On the right lines
One field where existing LED technology is making rapid inroads is aboard trains, even though you might not have noticed. Here, ruggedness, low maintenance and reduced power consumption outweigh the initial installation cost of retro-fit LED lighting. The figures work out well, as this example from British firm Dialight proves.
A typical fluorescent-tube lighting installation on a commuter train requires 2kW of electricity to achieve adequate brightness for reading. LED fixtures can achieve the same lighting level from 500W, reducing the number of voltage converters from 52 to just four. Reflectors control the direction of light across the carriage ceiling via a range of optical beam patterns, rather than bouncing it straight down to the floor. With lights left on in trains for 16 hours a day, it's obvious that significant energy savings are possible.
Another British firm actively involved in exploiting the market for ‘lighting class' LEDsis Zetex, which employs more than 750 people worldwide. If the name doesn't ring a bell, let me just mention that Zetex is the semiconductor division of the Ferranti company of lengthy heritage. Its ZXLD1362 switching LED driver operates from input voltages of 6V to 60V at up to 95 per cent efficiency. The smallest of its kind at this current rating, it can drive up to 16 high-power LEDs with an adjustable output current of up to 1A.
The race is on
With the world's nations determined to develop their way out of the recession and also reduce energy consumption, the race is on to develop more efficient methods of solid-state lighting. Cambridge University's breakthrough in white LEDs could lead to mass manufacture in the UK. Prof Humphreys is well aware of the technical difficulties of growing LEDs on a silicon substrate, but is optimistic nevertheless.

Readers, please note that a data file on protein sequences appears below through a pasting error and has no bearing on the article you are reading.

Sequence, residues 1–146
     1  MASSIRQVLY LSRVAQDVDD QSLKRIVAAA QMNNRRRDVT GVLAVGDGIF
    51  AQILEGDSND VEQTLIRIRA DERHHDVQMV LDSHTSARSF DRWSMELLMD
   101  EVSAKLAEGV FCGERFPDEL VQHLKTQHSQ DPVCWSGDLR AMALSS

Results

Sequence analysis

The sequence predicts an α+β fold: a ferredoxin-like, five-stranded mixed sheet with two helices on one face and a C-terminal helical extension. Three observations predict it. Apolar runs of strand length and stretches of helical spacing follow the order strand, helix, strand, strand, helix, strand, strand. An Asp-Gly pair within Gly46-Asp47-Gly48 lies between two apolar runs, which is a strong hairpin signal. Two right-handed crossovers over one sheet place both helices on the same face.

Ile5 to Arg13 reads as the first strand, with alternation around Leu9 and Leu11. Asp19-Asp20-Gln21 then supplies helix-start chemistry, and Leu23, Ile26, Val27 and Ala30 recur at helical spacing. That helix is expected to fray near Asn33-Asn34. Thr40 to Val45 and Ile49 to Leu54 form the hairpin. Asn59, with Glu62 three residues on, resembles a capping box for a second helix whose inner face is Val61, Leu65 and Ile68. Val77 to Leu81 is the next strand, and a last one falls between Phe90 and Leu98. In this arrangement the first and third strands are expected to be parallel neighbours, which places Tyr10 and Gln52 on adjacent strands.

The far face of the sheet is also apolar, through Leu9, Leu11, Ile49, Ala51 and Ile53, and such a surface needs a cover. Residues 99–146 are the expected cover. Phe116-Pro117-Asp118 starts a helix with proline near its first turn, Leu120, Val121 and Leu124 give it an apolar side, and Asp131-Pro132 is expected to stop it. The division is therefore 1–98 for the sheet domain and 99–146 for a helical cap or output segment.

He told trade paper Electronics Weekly: “We have only been working for a year or so and we are still on a steeply rising curve. [Nevertheless] our way is so much cheaper, I think it is probably commercially viable even now”. His team is working with QinetiQ, formerly known as the Defence Evaluation & Research Agency, and the German manufacturer Aixtron to turn its science into a commercial production process.
The US government is also backing the LED lighting revolution, with an $18.5 million five-year award to the Smart Lighting Engineering Research Center at Rensselaer Polytechnic Institute in Troy, New York. A recent study authored by RPI professors Fred Schubert and Jong Kyu Kim issued ‘a call to arms for scientists and engineers', stating that over the next 10 years savings of more than $1.8 trillion will eliminate the need to burn almost a billion barrels of oil in power plants that would otherwise produce 10 gigatons in carbon dioxide emissions.
“Such enormous savings will result from replacing 80 per cent of traditional lighting with LEDs over the next 10 years. And besides replacement, there are also new capabilities possible in this lighting revolution”, declared Prof Jong Kyu Kim.
One of the most interesting applications under development at RPI is spectrum control, which they say will enable the colour of lighting to be altered during the day to influence the mood of workers positively, as well as curing certain medical problems that are caused today by poor lighting conditions.